The data Pritzker’s team sent us came from two federal sources: the Bureau of Economic Analysis and the Bureau of Labor Statistics. The figures for those states check out, but they don’t come close to telling the full story.
Cassidy sent us an email promising an aide would "share the studies out of Colorado," but nothing arrived as of our deadline.
Data from the U.S. Bureau of Labor Statistics, however, show Illinois added — rather than lost — roughly 48,000 jobs overall in 2007.
Newman’s claim accurately reflects the single survey she is relying on, but it appears to be an outlier among similar polls.
With nearly half of income-taxing states not charging higher rates to the wealthy, it’s clear the ad’s claim is off base.
Chicago is far from the nation’s leader in reducing teen smoking. At least nine other major school districts or counties came out ahead.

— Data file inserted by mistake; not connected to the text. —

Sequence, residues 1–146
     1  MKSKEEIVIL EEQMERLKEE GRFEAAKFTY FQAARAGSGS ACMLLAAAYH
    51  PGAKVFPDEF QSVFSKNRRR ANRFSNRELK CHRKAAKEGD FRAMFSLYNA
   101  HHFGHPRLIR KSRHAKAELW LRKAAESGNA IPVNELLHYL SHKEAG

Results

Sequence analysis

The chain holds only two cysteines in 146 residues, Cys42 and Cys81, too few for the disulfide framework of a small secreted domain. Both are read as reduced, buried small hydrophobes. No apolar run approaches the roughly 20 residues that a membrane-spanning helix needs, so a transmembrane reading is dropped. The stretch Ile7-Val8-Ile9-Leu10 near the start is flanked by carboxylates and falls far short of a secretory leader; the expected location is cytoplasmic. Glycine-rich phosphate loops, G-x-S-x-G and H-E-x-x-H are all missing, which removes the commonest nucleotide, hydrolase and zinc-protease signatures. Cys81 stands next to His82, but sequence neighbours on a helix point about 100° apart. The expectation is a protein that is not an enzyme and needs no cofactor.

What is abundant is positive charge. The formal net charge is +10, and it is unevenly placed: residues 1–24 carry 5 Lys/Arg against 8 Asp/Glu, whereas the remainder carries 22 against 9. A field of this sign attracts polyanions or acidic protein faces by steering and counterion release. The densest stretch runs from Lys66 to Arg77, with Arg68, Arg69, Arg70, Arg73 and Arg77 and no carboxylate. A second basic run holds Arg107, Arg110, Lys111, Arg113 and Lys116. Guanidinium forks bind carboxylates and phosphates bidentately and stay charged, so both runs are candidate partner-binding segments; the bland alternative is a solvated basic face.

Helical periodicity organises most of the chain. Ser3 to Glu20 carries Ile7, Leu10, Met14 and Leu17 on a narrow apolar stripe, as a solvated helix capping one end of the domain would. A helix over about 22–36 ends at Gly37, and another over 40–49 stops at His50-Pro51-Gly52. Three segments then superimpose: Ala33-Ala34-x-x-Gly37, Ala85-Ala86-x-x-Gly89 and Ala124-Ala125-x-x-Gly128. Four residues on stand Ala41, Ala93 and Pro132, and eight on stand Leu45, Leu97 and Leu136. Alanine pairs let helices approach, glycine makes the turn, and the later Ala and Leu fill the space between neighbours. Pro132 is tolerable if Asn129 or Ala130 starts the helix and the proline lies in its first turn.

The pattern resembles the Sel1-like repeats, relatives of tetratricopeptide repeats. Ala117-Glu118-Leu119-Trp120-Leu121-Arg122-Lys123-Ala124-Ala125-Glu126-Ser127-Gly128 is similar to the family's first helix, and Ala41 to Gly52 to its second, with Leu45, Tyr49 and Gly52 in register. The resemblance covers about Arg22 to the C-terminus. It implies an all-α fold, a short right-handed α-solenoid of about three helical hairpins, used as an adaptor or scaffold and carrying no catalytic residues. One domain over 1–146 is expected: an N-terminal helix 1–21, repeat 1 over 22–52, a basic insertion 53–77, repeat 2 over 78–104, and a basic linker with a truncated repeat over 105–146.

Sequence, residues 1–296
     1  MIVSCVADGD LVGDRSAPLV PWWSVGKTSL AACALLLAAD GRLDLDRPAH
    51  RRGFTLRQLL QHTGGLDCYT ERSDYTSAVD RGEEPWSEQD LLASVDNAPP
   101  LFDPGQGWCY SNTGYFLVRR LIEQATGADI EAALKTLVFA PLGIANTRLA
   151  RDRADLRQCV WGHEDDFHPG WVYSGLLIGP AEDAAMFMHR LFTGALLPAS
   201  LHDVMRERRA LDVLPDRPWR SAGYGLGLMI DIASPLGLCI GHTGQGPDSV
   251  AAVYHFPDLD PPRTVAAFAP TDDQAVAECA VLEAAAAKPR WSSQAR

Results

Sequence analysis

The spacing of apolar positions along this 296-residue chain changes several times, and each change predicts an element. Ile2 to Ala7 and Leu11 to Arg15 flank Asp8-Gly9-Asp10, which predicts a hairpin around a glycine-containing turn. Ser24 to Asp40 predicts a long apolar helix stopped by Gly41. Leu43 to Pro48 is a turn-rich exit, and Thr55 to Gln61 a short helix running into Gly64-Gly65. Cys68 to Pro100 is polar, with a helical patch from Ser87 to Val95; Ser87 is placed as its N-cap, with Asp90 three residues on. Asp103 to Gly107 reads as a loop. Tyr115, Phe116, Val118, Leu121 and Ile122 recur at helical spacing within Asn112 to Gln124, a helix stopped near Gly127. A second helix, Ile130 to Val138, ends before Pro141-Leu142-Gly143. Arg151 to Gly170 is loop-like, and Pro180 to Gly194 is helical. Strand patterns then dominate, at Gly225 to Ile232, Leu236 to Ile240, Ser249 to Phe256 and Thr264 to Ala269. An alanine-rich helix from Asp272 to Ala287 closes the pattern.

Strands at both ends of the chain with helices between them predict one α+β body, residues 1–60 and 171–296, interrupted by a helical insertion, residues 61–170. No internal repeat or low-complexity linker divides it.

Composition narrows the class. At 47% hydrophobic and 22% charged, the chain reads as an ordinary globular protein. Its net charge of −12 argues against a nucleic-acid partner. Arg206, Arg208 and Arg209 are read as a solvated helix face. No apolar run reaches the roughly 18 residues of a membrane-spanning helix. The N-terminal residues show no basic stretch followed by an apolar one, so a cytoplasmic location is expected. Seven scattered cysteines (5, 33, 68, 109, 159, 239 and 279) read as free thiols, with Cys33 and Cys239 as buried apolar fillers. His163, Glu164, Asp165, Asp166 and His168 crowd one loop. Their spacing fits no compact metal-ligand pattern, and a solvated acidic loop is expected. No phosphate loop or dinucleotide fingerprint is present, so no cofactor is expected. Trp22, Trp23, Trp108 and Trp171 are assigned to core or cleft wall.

Experts we spoke with summed up the claim as a "myth," "clearly not true," and "total nonsense."
While there’s no official definition for a "jobs tax," it is clear Pritzker’s plan doesn’t contain one.
It’s not true in Illinois and we could find no credible evidence that suggested it was true elsewhere.
Preckwinkle criticized a city program aimed in part at increasing the supply of affordable housing in better-off neighborhoods that have high rents.
Lightfoot’s claim is accurate, but it does little to reinforce the portrait she is drawing of a reformer who improved police accountability.
Now, Pritzker is the state’s chief executive — and the one painting tax policies in overly broad strokes.
Her claim that Daley somehow paved the way for the role Rauner played in the state’s protracted budget impasse lacks substance.
A few months ago we gave a <a
The claim follows a well-worn partisan script in which a candidate blows out of proportion a minor piece of legislation an opponent once supported.